Citing Guidelines May Reassure Patients


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Whether deviations from treatment guidelines are warranted to provide optimal personalized care, or should be financially penalized for straying from evidence-based care, has raised questions among insurers and physicians and caused a stir in the press. In general, however, patients with cancer are not that aware of the guidelines, Margaret A. Tempero, MD, FASCO, told The ASCO Post.

“Or if patients are aware of the guidelines, I don’t think they are checking to see that they are being treated accordingly,” she added. Dr. Tempero is Editor-in-Chief of the Journal of the National Comprehensive Cancer Network, a past ASCO President and Professor of Medicine at the University of California, San Francisco (UCSF), and Director of the UCSF Pancreas Center.

“Part of the reason patients are not knowledgeable about treatment guidelines is because many of the guidelines are not available in a patient-friendly format,” Dr. Tempero said, and therefore difficult for patients to interpret. In addition, patients may not be looking for other treatment recommendations.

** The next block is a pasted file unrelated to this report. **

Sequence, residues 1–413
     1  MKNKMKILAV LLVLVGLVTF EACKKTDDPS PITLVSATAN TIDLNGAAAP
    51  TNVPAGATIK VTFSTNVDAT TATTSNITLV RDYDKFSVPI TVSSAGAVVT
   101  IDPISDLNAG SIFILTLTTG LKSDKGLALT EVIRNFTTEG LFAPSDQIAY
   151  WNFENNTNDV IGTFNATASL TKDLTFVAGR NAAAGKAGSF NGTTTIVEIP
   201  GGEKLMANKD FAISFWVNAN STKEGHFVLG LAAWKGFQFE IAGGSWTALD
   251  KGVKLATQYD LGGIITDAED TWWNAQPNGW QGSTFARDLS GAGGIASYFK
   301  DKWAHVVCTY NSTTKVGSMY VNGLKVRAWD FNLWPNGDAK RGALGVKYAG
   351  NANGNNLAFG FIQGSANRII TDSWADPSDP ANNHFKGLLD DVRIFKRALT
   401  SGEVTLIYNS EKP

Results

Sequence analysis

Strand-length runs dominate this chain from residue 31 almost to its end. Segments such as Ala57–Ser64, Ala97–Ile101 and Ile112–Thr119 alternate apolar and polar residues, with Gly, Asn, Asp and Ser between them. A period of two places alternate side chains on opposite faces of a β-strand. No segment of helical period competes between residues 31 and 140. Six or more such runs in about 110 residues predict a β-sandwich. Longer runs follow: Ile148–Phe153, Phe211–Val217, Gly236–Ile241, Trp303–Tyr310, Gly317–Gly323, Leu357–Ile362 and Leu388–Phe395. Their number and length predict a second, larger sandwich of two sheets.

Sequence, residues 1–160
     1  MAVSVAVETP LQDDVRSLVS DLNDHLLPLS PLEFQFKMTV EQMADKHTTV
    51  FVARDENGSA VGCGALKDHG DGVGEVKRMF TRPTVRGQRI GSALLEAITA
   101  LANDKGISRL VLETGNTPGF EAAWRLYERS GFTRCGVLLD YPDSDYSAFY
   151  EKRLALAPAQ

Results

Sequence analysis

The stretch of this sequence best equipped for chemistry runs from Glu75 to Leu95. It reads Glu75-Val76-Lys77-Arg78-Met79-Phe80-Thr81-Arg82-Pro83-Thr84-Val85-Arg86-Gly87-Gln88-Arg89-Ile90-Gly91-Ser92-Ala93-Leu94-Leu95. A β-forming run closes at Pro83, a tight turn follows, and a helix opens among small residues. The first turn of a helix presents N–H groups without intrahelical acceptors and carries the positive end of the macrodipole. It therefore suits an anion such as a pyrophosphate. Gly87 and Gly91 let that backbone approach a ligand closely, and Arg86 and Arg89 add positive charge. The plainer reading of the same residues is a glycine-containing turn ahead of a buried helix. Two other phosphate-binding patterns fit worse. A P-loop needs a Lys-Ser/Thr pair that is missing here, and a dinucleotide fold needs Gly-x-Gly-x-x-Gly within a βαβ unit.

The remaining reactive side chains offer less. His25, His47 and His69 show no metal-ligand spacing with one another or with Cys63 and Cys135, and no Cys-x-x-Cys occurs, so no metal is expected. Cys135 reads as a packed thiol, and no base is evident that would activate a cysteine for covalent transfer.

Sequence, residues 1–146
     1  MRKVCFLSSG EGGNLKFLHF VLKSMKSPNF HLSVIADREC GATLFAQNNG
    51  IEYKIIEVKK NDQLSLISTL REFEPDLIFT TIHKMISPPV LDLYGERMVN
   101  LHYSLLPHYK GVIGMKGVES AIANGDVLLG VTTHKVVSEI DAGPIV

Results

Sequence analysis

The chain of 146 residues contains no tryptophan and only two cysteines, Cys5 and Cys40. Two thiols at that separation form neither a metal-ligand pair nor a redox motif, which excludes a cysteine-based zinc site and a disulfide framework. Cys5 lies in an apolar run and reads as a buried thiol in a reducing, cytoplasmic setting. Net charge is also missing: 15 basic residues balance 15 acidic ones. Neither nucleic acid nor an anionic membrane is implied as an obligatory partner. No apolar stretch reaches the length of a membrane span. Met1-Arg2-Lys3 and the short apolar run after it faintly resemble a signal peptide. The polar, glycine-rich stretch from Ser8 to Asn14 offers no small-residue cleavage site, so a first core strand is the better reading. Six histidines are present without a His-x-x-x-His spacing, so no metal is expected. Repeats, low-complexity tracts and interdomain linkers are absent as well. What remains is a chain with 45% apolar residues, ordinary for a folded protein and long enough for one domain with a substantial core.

“I still think that patients, especially when they are very sick with cancer, tend to trust their physicians,” Dr. Tempero maintained.

Treatment guidelines can be useful and reassuring in describing recommendations and options. “When I am explaining a therapy, I might say, ‘This would be the standard therapy given in any guidelines for care,’” Dr. Tempero noted. ■

Disclosure: Dr. Tempero reported no potential conflicts of interest.

 



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